What's in Your Mission?

Have you ever worked with someone who you swear has a mission to make your life miserable? Every time he or she walks by you they do or say something to just piss you off. Whether or not that person truly has a mission to make your life hell will never be known, but have you ever thought about your own mission?

Sherece West, President & CEO of the Winthrop Rockefeller Foundation, spoke at the first Emerging Leaders Salon hosted by EPIP on Sunday at COF's Leadership Summit and mission was the undercurrent running through everything she said. Her background is one that unfortunately is heard often in the Black community: poverty, alcohol and drug abuse and despairing surroundings. But even in those surroundings, she saw that everyone--from her own family to the crack-addicted mother on the streets--wants to do better for themselves or their children. Her upbringing enabled her to have the resolve to get out of her surroundings and have compassion for family, neighbors and community. She wanted to learn and be open to what others had to say and gave advice to the attendees to do the same.

When she was young she made the decision to make her mission to use her "time, talent and resources to contribute to the eradication of poverty". Everything she has done professionally has been done as a means to fulfilling her mission. She said that she pursues her mission first and her role (past, present and future) in philanthropy is secondary.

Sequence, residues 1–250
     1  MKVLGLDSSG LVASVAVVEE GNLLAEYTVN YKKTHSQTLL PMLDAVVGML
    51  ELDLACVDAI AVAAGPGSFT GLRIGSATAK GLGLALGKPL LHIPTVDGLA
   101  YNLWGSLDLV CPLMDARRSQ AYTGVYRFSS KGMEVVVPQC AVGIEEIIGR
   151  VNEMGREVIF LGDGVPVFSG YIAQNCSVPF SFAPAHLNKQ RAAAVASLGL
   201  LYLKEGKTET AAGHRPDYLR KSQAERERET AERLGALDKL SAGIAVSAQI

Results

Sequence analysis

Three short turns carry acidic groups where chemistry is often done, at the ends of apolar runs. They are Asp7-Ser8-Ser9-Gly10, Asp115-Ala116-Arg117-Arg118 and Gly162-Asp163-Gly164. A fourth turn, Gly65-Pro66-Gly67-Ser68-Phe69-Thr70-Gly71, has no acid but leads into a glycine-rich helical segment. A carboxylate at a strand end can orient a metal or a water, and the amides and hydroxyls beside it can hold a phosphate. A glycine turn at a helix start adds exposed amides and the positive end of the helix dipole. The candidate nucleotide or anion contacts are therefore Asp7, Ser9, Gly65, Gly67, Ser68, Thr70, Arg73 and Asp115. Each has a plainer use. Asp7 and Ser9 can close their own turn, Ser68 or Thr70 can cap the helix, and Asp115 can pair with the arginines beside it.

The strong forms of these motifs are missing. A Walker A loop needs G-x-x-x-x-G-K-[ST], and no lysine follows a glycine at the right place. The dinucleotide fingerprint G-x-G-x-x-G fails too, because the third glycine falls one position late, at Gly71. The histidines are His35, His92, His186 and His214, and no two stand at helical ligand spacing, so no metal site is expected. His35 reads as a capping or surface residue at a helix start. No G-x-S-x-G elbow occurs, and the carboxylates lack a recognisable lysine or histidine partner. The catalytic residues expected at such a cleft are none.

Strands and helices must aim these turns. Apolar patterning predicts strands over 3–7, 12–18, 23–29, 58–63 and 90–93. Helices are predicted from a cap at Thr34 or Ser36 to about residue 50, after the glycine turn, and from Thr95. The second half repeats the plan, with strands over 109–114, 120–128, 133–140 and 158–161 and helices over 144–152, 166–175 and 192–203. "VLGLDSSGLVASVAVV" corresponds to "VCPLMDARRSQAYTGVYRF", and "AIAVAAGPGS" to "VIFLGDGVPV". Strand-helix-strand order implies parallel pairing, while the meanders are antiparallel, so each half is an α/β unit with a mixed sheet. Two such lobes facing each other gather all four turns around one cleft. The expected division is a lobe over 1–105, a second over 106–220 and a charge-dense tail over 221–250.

When asked how she handles the myriad of issues within poverty and community advocacy, Sherece brought it back to sticking with your mission. She said Doing what I can and how I can is how I stay focused. Focus on what you want to get accomplished and how you use your resources and time to do it. In what she does, she tries to at least leave a legacy where after she's gone from that organization, someone else can advance it further.

Sherece was also asked what her defining moment in her career thus far has been. Again, she tied the story into to working towards her mission. She described a time while she was at Annie E. Casey when a wealthy Black woman in Louisiana expressed interest in Sherece to take the helm of a local foundation. When Sherece saw the neighborhood being served by this foundation, she initially wanted to say no because the situation looked hopeless. But while driving back to Baltimore, she was suddenly reminded of the Bible story Jonah and the whale. Louisiana was God's way of telling her that this was the next step in fulfilling her mission. As life would have it, soon after she arrived, Hurricane Katrina devastated Louisiana and she was called to take the helm at the Louisiana Disaster Recovery Fund. The initial call to Louisiana was her "defining moment"--this was God's response to her question on how she could be used towards her mission of eradicating poverty.

So what's your mission? What compels you in what you do in life and/or work? That person at your job may have a mission in life to piss you off everyday, but at least he has a mission. What's yours?